Why Young Athletes Need Strength and Conditioning
- Every week we have to teach 10-15 years olds (who play sports) how to SKIP!
- Our physical education system is not enough anymore!
- Kids start playing organized sports before they can read without regard for how they move.
- Sports alone do not develop the fundamental movement skills we need as humans
- ACL Tears occur 200,000 times per year with young females 4-6 times more likely to tear then males.
- Young athletes often lack body control and awareness
- Classrooms have chairs and kids sit in them for extended periods of time, daily.
- Xbox, Playstation, iPads and more
I am a HUGE fan of athletics. I believe in competition, camaraderie and developing the ability to handle both winning and losing. The lessons that sports can provide are invaluable in my book. But, we have developed a culture of constantly playing games. More teams and clubs, without allowing our kids to develop the fundamental abilities they need to move well.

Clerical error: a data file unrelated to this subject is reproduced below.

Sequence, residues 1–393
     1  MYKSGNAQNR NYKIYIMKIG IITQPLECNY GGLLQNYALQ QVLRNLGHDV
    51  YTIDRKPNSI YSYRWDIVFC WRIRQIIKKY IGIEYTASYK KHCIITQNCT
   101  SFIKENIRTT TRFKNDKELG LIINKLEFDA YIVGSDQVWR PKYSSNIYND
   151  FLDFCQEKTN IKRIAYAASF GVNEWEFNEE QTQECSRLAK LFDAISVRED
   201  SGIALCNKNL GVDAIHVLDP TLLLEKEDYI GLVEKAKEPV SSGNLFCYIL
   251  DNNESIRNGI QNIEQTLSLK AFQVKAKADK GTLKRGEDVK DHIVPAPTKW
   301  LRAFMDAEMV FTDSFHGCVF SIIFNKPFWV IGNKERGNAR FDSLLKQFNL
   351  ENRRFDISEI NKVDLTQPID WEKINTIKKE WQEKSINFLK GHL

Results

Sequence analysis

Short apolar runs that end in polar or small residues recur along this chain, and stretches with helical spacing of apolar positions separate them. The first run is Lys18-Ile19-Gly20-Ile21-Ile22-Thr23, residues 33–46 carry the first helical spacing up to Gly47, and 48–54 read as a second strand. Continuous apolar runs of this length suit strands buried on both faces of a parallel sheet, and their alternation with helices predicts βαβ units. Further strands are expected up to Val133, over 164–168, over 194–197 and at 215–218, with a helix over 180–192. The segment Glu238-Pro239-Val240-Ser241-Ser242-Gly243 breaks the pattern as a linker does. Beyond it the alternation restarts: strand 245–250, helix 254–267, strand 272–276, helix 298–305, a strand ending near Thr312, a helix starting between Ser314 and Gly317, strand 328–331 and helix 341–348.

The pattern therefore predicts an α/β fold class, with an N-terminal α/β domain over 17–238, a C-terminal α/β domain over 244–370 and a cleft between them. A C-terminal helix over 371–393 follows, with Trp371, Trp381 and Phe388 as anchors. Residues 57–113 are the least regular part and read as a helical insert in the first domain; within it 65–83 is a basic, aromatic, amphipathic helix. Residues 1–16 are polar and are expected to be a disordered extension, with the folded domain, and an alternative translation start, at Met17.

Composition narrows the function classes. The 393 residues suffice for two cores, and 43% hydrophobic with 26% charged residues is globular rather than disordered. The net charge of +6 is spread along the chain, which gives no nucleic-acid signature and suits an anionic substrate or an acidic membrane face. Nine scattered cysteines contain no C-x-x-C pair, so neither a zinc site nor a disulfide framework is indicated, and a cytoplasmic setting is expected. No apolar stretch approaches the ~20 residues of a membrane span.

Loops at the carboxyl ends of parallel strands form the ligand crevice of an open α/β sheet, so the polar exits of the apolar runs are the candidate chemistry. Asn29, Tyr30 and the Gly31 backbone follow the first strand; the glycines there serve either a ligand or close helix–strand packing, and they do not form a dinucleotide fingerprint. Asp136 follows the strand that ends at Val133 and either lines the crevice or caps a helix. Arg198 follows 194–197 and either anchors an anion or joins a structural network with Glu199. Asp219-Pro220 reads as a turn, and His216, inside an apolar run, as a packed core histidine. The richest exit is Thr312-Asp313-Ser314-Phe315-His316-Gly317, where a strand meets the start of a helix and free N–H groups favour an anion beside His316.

It is critical for athletes to take time away from the field or court to develop the foundational tools that will help them succeed. Strength and Conditioning programs allow athletes to build a solid foundation, upon which their ability to play sports is greatly improved. Learning how to control and move the body in fundamental patterns will teach them better control. They can spend time learning the techniques of speed and agility development, while also getting stronger to withstand the rigors of their sport. They can develop greater power to help them accelerate faster, jump higher and compete at a higher level.
We believe in sports. We believe they can provide experiences, lessons and friendships that instrumental in how young people develop. Lessons that will shaped them when they are adults. But we also believe in helping young athletes become just that, athletes! Not just a baseball, football, soccer (or fill in your sport) player. Being a better athlete will increase their ability to succeed, regardless of their sport. There is a difference…
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